Trump, of course, fired back later that week, asking, “Who is [Carson] to question my faith?” Yet Carson’s faithful brand of politics is already chipping away at “the Donald’s” lead in states like Iowa, where Carson enjoys an 87 percent approval rating among white evangelicals, only 4 percent of whom view him unfavorably. Trump, meanwhile, only has a 56 percent approval rating with the same group, while a full 38 percent list him as unfavorable.
But as Carson works to drum up support among the coveted evangelical vote, a closer inspection of his religious beliefs — rooted in a personal story of compassion and conciliation — reveals that he may have less in common with the hard-charging Christian Right than appearances suggest.
Carson is a Seventh-day Adventist, but likes other religions too
When asked, Carson identifies as a Seventh-day Adventist (SDA), the same tradition claimed by his mother and his estranged father, who was a minister in the denomination. The enigmatic Protestant group emerged out of the Second Great Awakening — a 19th century American Christian revival movement — but has unusual origins. Its (indirect) founder, Baptist preacher William Miller, was convinced he knew the exact date of Jesus Christ’s prophesied Second Coming, or return to earth. When several of Miller’s suggested dates passed without incident, however, swaths of his followers abandoned the tradition — including many who had given away all their possessions to be a part of the group. Still, a sizable portion kept the faith while fracturing into several subgroups, the largest of which is today’s Seventh-day Adventist Church, which now claims around 18 million members worldwide — but less than 7 percent reside in the United States.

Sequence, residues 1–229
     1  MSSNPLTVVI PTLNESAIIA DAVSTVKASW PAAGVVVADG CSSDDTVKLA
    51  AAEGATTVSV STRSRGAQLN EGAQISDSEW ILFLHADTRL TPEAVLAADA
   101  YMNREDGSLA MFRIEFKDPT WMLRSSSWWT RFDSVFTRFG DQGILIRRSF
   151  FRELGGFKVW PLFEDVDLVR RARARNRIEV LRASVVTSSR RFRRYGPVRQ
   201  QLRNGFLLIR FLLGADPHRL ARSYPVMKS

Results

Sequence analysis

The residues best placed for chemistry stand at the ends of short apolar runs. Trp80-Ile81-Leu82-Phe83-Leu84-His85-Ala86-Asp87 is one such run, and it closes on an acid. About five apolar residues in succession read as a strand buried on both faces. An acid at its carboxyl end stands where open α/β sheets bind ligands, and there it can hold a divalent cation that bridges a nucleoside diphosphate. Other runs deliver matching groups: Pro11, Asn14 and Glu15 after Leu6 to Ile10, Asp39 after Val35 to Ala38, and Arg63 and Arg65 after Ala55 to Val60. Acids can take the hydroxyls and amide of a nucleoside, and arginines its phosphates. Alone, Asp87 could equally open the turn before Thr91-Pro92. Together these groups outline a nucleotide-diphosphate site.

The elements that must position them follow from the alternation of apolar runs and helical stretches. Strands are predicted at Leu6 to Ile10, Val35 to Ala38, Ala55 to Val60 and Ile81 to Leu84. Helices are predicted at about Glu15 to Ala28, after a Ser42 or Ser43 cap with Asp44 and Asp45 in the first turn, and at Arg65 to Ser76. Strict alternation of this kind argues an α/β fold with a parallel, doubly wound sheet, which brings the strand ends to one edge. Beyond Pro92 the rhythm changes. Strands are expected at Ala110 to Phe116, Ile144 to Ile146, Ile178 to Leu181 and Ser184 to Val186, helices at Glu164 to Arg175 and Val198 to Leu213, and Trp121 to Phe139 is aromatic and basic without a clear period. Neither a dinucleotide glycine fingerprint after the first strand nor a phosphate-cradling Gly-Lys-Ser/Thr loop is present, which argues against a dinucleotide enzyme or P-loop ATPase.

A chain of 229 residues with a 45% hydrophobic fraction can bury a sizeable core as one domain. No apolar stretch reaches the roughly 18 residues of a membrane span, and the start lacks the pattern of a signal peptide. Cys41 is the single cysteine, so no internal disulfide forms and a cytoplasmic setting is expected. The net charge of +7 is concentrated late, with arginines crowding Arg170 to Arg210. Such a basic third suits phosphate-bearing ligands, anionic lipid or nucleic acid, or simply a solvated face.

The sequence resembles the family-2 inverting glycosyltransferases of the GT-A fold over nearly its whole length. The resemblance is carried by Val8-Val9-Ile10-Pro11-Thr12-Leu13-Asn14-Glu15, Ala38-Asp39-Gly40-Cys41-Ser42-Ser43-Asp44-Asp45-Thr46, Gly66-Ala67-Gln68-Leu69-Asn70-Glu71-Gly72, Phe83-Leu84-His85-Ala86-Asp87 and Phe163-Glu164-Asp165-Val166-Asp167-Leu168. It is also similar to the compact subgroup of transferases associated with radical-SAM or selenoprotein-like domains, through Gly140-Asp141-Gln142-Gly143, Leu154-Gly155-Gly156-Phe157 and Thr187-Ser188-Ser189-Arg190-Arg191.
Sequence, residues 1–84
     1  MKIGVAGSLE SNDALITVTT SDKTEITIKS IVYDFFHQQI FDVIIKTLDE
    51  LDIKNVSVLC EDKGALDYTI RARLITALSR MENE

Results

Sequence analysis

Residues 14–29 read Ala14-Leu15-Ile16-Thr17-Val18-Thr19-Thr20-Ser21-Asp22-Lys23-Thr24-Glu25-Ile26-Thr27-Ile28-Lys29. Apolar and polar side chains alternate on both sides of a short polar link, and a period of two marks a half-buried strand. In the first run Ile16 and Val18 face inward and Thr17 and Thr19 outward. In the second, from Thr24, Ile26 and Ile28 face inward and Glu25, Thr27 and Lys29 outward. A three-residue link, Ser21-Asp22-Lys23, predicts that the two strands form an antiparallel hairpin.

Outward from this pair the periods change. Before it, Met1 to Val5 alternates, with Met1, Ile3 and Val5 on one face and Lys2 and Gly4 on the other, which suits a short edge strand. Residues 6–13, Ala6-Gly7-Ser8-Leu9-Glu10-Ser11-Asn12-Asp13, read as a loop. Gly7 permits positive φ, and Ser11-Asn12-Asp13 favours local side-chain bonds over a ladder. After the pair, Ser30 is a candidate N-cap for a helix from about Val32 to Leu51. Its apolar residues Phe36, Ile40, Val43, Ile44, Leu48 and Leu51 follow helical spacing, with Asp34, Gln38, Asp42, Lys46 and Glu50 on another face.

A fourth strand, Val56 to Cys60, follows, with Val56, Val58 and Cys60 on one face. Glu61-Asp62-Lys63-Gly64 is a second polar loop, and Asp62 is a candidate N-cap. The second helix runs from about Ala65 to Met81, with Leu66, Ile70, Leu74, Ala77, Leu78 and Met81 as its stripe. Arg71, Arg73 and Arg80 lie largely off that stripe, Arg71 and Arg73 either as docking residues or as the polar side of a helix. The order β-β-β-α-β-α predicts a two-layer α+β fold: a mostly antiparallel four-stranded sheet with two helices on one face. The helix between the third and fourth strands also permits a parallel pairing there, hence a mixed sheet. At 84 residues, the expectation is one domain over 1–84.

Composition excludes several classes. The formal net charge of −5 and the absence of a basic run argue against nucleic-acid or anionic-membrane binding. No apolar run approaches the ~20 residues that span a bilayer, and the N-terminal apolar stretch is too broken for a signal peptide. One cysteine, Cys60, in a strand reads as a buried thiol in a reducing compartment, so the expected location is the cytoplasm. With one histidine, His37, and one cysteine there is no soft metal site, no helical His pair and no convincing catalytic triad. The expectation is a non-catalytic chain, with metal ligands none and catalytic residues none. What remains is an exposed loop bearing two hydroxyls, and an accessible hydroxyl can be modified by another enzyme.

Despite these odd beginnings and some unusual practices (for instance, members of the SDA church worship on Saturday, not Sunday), Carson has made it clear that he embraces many of his church’s eccentric teachings — especially its endorsement of health as a spiritual discipline. Carson, a highly successful pediatric neurosurgeon, has championed his faith’s reverence for a healthy body, where religious support for exercise, good diet, and aversion to alcohol and drugs has made it so that members of the SDA church live roughly 10 years longer than the average American. Carson has clearly taken this to heart himself, and an SDA Church-affiliated medical school in Nigeria currently bears his name.